Eliminating upgrade risk

John Roth johnroth at ameritech.net
Fri Jul 27 17:46:30 CEST 2001


"Peter Hansen" <peter at engcorp.com> wrote in message
news:3B5FAD11.FB9D737E at engcorp.com...
> John Roth wrote:
> >
> > After enduring the PEP 238 threads for far too long, as well as other
> > threads, I've come to the conclusion that Python is simply too unstable
> > for real use.
>
> Do you really mean "is" too unstable, or you mean it looks like it
> "might be" unstable, solely because of the proposals about changing the
> way the / operator works?

I mean is. Notice that I said "among others," therefore PEP 238 was
**NOT** the sole proposal involved.

> I've used Python for about a year and a half in dozens of practical
> areas in industry.  I consider it *bar none* the most stable language
> I've ever used.  Not only with respect to the stability of the
> applications I write, but also the runtime (I can hardly recall a crash,
> although I'm sure I've had a few when using calldll around third-party
> DLLs) and definitely *even the language definition*.

Runtime stability was not the issue. That's a given before I even start
evaluating. And I don't consider the existing problem with Win 9x
console mode and Tkinter to be a point in Python's favor.

> Changing from 1.5.2 to 2.1 required us to do, let me see: nothing!
> I reviewed the list of changes, predicted we would not be impacted,
> and so far (after several months of ongoing development and continued
> use of our many utilities and applications) I've been proven correct.

Many shops want something a little more concrete than a statement
by the top technical expert. A compatibility scan tool would be
appreciated.

> So I'm guessing you really just mean that this PEP 238 proposal
> is scarey.  I agree, to the extent that code breakage is never nice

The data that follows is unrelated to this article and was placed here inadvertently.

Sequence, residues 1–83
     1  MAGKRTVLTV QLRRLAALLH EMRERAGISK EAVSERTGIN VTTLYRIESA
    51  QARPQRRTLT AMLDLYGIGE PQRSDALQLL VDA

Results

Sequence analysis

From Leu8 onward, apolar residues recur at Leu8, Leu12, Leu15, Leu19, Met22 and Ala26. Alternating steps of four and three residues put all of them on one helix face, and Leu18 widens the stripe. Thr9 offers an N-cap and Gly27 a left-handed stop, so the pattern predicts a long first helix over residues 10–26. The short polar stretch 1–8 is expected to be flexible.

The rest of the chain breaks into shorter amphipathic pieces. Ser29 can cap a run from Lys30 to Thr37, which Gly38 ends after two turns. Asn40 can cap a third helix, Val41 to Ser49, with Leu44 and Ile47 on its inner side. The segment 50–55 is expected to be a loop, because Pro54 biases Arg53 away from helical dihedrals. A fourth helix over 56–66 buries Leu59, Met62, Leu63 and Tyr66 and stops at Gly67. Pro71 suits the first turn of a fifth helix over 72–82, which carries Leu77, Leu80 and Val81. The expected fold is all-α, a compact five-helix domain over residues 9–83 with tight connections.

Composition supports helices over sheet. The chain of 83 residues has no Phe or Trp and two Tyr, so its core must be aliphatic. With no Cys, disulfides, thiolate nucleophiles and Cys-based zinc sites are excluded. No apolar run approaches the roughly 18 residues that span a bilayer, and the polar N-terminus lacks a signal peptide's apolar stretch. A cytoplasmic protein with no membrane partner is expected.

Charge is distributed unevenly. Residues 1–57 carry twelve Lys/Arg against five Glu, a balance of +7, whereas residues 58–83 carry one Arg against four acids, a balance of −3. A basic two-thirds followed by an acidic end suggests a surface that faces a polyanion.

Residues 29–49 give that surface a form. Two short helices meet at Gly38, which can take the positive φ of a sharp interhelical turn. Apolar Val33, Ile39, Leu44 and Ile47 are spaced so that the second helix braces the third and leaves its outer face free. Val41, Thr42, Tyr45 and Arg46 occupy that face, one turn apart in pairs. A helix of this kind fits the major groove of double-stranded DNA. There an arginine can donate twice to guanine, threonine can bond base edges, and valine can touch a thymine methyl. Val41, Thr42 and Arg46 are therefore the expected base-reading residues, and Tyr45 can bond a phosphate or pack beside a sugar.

> to contemplate, but with the ongoing consideration being given to the
> issue by the developers, I'm reasonably satisfied that even this
> drastic change will end up having relatively little effect on my
> opinion of Python's stability.  Planning over two years in
> advance and guaranteeing the breakage will only occur when
> a major upgrade (Python 3.0) is released is pretty much the
> best you could hope for from any language.  After all, by convention
> major upgrades are where you are supposed to *expect* code
> breakage.

That last sentence is what is scarey, not PEP238 or any of the
other specific proposals. There's an endemic mindset in the xNIX
community that simply doesn't understand the risk aversive behavior
of many of the large shops. If compatability isn't guaranteed, then
an upgrade is a project - which has to be scoped, justified, planned,
and then prioritized with all the rest of the projects.

> > Hopefully, this is going to provide more food for thought than fuel for
the
> > flames.
>
> I hope you don't consider this a flame.  But I'm not responding to
> the  suggestion of "required" other than to say I don't think it's
> really necessary (because I don't think it's really necessary...
> as should be evident from the above).

I think we're going to disagree on this one...

John Roth
>
> --
> ----------------------
> Peter Hansen, P.Eng.
> peter at engcorp.com





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